A couple days ago a piece by N.Y. Post contributor Johnny Oleksinski lamented the absence of the spiritual undercurrent that he recalls from (choke, gag, loogie) the prequels. A ballsy thing to say and yes, I understand what he’s half-getting at but still…yeesh. The overwhelming mantra during Monday night’s post-premiere party was “definitely better than the prequels,” and already Oleksinski is trying to spark nostalgia sentiment for that godawful trilogy? It wouldn’t matter to me if holograms of Jesus, Buddha and Krishna were to issue a prequel endorsement manifesto. The presence of Jar-Jar, Hayden Christensen and Jake Lloyd automatically erase any spiritual currents, now and forever. End of discussion.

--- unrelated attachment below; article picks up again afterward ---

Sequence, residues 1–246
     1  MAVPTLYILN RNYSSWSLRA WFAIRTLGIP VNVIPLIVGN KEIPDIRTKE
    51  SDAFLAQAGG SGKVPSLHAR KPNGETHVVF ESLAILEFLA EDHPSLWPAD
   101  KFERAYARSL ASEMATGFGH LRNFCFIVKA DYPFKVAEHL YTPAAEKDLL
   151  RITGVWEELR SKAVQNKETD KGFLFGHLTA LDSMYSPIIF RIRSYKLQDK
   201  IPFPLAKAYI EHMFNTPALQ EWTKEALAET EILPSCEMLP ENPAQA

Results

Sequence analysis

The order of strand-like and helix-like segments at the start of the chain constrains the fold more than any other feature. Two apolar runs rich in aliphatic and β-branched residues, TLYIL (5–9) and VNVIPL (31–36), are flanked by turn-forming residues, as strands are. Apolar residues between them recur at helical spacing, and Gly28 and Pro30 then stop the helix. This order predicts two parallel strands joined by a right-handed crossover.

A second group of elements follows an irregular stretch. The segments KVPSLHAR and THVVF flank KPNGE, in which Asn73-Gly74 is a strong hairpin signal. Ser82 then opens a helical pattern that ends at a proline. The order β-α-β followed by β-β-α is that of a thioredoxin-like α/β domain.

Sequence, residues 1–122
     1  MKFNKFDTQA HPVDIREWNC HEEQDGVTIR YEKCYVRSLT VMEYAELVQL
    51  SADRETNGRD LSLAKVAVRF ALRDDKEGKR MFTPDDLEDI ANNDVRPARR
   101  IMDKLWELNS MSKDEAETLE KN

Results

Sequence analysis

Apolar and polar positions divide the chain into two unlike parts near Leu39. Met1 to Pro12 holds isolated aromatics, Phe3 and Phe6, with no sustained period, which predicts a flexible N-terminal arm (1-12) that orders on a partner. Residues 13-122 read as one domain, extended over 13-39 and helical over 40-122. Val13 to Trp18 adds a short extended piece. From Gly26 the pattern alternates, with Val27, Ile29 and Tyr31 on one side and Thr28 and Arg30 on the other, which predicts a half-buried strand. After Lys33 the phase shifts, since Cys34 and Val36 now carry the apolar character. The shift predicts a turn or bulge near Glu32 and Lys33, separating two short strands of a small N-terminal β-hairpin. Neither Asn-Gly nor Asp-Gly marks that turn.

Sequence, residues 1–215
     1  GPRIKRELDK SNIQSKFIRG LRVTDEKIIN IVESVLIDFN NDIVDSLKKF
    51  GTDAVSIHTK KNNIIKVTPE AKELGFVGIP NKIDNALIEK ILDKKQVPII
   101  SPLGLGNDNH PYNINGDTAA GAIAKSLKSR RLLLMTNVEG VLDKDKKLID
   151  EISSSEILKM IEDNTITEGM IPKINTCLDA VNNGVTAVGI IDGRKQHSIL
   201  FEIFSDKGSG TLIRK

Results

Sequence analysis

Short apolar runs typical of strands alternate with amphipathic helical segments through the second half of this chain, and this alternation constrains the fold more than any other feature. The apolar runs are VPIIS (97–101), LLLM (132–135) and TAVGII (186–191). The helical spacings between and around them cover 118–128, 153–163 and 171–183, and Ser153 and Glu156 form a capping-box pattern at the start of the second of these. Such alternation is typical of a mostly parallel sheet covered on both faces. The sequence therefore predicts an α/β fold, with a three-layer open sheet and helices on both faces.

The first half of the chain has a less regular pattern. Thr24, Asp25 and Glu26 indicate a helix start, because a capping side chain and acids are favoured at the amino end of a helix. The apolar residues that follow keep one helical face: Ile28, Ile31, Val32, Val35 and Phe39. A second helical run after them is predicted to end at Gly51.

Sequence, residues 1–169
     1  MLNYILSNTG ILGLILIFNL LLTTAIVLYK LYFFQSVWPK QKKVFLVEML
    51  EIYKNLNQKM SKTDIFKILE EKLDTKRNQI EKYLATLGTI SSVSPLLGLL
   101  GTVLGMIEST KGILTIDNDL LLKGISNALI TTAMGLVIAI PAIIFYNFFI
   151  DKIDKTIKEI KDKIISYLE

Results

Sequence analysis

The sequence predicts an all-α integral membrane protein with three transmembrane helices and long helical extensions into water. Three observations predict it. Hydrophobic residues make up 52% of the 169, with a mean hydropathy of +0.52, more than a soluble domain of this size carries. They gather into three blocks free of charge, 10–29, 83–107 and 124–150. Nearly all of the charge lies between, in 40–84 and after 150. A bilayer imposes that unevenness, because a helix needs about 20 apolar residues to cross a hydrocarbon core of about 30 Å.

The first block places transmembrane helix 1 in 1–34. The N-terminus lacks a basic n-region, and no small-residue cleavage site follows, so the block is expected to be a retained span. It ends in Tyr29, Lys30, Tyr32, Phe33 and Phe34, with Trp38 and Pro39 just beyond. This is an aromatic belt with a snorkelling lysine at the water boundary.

“[While] watching director J.J. Abrams’ smug revamp of one of the highest-grossing movie franchises in history, I found myself missing the loathed prequels,” Oleksinski writes. “Or, at least, thinking of them in a more positive light than before. Like an ex after midnight. Sure, they had problems — Jar Jar Binks, midi-chlorians, staid dialogue, Count Dooku. As movies they fail, often spectacularly. But the scorned prequels got one big thing right — the intangible Star Wars spirit. They oozed mythology, gravitas, nonstop momentum and unwavering earnestness — hallmarks of the series at its best. With The Force Awakens, Abrams has made a slight, self-aware, low-stakes movie [that] borrows from the original trilogy with abandon — but in all the wrong ways.”